the outskirts of London. It was bags down and into our rooms. The food here

was so good – and with everything you could possibly ask for – that it was

difficult not to make ourselves suddenly overweight for the Sunday!

Next day, the Saturday, we had a light training session at Bisham Abbey, the

training base for many great sports teams over the years, including the

legendary Barcelona football squad. It’s got loads of soccer pitches and we

learnt that the Russian Under-19 team were there at the same time. There

was a big lake, with crews rowing up and down, and a nice golf course.

Our own training session was definitely what you would call “light.” Normally,

when we train on Tuesdays and Thursdays, it can all get pretty competitive

and we can end up crashing into each other. This time, no-one was in the

market for over-exertion and risking injury just before the biggest match of

their lives! Poor old Glyn Hooper – a fellow striker and assistant coach with

our manager Dave Leonard – was already suffering the heartbreak of missing

the game through suspension.

Back in the hotel that afternoon, we watched the FA Trophy Final live on Sky

Sports TV. We also saw the weather forecast – which told us that it was likely

to be wet for our own match. It was sunny and warm on the Saturday, and

one of the facilities we enjoyed at the hotel was the outdoor hot tub! It also

had a gym and sauna area. The hotel had beautiful grounds and overlooked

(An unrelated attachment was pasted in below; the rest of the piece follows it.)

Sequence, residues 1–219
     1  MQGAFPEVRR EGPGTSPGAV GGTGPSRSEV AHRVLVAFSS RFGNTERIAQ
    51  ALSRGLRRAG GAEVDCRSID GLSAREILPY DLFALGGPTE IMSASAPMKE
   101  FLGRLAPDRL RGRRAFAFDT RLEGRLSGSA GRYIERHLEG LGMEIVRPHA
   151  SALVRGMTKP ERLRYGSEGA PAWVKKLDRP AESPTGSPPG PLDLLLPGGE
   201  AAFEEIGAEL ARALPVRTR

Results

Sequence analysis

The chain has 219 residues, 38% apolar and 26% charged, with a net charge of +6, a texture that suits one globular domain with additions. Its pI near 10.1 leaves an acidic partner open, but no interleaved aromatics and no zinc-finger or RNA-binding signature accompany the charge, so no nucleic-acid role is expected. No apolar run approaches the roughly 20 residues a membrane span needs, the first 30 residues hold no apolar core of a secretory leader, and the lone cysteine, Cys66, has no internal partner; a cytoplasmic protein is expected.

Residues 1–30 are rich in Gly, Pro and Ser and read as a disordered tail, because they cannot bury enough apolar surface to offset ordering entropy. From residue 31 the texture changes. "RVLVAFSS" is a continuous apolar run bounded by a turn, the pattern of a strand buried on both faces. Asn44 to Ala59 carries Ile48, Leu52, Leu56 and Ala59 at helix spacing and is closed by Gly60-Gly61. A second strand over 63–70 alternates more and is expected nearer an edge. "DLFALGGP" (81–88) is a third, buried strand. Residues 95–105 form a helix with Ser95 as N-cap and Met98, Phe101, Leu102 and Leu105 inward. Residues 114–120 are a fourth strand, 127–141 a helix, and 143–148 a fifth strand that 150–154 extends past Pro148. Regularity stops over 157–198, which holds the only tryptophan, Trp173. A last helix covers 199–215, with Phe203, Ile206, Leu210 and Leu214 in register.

a massive lake.

That evening we played cards in the foyer and the rule was that we at least

had to be in our bedrooms – even if we couldn’t be fast asleep! – by 10 p.m.

Me and Marcus are renowned for being last to bed, and there was no way we

were going to get to sleep quickly on this of all nights. So there we were,

sitting on our beds with our laptops open and watching the TV. I think we

eventually got to sleep around 1 a.m.!

We put our alarms on for 9.30 a.m. but we were both awake well before then.

I’m the joker in the squad, so I straightaway ran round the bedroom screaming

my head off; then I grabbed hold of Marcus and said something like: “C’mon,

boy, today’s the day!”

I had a “bit of breakfast” (well, actually, it was a big fry-up!) and around 11-ish

we had our lunch – chicken pasta and beans. We also watched an

inspirational DVD which I think had been put together by Piran Films. It was a

compilation of highlights from all our games on our way to Wembley and was

accompanied by motivational music and voice-over. That was a spine-tingling

thing – hairs standing up on the back of your neck – I can tell you.


Before we left the hotel, we had pep talks from Kevin Heaney and Chris Webb

as well as Lenny and Hoops. And then it all really started to hit us. We

showered up and put our smart new suits on. We were all dressed the same

– even had brand new shoes. As I say, different era. (I don’t think “credit

crunch” was even on the horizon then, although not far off it, and certainly

“austerity” was just another word in the dictionary.)

We did each other’s ties up – Marcus doing mine and me doing the finishing

touches on his. We looked fabulously smart. They were really great suits –

we had all been measured up for them three weeks earlier. Then it was out of

Reception and onto the coach – and more photos.

The trip to Wembley, in the drizzle, was about half an hour. When we got

there, the sight of fans with their scarves and hats already milling about the

place brought it all home to us – once more. It had been a bit of a slow crawl

towards the end, with lots of police around, too, and our fans immediately

began clapping, cheering and chanting once they saw us. It was brilliant –

and a just a little bit nerve-wracking!

We arrived in the stadium at about 1.15 – and walked out on to the pitch once

more, in the classic Wembley final fashion. I remember I was the only player